Rachel Mascetta ’03, who majored in classical studies and music at Colgate, is now a graduate studies admissions counselor at the American University of Rome. She has lived in Rome since 2013 when she was hired as personal assistant to former U.S. Ambassador John R. Phillips.
Here, Mascetta gives the inside scoop on authentic gelato, ways to see the city while burning off those calories, and more.
Pitch perfect meals… Osteria La Gensola is a cozy restaurant in Trastevere specializing in seafood, but the homey meat-based pastas (rigatoni with oxtail ragù) are my favorite. Call ahead to get a table in the main dining room, start with the panelle (chick-pea fritters,) and take Federica’s advice on daily specials. If you’re in the mood for something more formal, Da Felice (reservations are necessary) in the Testaccio neighborhood has every must-try Roman dish. Go early to catch local families dining with their kids, and be prepared for wisecracking waiters who look like they’ve been working there since the ’40s. Get the abbacchio (lamb) and cacio e pepe. Alternatively, Grappolo d’Oro digs deep into Roman traditional cuisine in a clean, modern setting.
Trapizzino… Check out the original Roman street food invented by local pizza wizard Gabriele Bonci. I never tire of the crunchy-outside, chewy-inside pizza triangle filled with traditional Roman flavors (pollo alla cacciatore, burrata and anchovies, eggplant parmigiana).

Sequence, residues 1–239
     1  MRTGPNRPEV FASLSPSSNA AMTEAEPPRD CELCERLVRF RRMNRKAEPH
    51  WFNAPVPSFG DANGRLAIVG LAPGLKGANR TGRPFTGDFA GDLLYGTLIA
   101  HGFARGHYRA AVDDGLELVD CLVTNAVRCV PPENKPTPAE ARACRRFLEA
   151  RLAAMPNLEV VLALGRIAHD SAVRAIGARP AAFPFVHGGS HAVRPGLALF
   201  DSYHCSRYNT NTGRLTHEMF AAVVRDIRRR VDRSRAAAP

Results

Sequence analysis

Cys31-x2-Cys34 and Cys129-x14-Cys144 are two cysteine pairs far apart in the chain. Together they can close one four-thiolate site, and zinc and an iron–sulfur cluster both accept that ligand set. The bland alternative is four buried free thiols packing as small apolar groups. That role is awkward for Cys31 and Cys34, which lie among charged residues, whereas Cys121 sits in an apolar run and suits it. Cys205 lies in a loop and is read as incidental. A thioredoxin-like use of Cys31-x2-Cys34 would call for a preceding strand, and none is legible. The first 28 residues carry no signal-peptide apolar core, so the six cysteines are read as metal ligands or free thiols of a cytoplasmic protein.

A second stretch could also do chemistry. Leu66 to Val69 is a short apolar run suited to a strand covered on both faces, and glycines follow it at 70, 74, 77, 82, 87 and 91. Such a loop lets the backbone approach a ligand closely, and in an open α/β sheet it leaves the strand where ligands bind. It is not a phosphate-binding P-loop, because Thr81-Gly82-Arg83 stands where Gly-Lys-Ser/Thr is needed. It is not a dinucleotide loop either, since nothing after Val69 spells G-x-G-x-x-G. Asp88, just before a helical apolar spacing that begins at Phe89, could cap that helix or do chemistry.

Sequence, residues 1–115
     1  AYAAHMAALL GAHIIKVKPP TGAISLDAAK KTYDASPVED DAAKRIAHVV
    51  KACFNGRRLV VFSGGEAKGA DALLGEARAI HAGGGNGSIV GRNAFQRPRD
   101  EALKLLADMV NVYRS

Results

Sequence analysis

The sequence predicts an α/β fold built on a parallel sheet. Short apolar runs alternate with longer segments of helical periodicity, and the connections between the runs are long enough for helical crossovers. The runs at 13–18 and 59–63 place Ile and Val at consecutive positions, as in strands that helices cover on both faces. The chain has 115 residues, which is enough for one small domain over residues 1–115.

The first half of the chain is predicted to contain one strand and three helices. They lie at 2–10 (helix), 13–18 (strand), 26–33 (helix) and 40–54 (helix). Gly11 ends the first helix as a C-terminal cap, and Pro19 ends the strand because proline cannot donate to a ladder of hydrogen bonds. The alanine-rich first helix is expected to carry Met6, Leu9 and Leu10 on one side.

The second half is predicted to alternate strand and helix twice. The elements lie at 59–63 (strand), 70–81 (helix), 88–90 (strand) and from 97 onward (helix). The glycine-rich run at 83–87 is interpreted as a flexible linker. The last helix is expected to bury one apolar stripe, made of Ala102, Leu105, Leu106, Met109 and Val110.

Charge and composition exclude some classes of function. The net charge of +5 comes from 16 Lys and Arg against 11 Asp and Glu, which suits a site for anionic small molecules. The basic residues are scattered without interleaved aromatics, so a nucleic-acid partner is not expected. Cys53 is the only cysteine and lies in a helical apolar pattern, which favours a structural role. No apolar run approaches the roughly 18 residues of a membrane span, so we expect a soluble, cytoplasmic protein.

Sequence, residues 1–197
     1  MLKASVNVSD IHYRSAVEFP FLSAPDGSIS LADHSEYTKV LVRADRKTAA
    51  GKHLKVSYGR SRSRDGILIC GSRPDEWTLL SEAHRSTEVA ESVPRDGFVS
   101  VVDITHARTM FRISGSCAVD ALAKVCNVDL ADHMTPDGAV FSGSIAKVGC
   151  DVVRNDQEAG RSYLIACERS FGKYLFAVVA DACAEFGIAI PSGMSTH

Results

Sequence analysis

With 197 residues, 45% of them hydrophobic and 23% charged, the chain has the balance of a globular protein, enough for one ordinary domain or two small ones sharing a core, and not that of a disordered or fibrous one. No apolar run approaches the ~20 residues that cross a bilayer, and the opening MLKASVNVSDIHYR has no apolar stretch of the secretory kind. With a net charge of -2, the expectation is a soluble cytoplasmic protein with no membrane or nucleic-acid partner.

Gelato… Beware of the chemical-laden “gelato,” on every city block. There are artisanal heroes, hidden like gems around town, and while the list is actually quite long, the gelato I crave the most comes from Come il Latte (creamy, sweet, liquid chocolate garnish); Grezzo (raw chocolate, intense!); Fatamorgana (dense and novel fruit flavors; organic and allergen-free options); Hedera (optimal quality, every flavor is worth trying); and Lemongrass near the Vatican (creamy, creamy, creamy).
Beating the crowds… Rome gets invaded by more tourists each year, so avoid the masses with an after-dinner passeggiata (walk) around the most famous sites, which are all beautifully lit, or go early in the morning before traffic clogs the city streets. Check out the smaller, masterpiece-packed jewel box museums like Palazzo Altemps, Galleria Doria Pamphilj, Galleria Barberini, or the underground layers of San Clemente, where tourists are few and far between.
Plan ahead… Take advantage of novelties like early morning breakfast and Friday nights at the Vatican Museums or underground catacomb tours. Culinary walks in Trastevere are a great way to get to know the neighborhood. Night openings of the Colosseum and special archeological tours, like the Domus Aurea reconstruction site, have limited availability, but there is always something special if you take the time to look!
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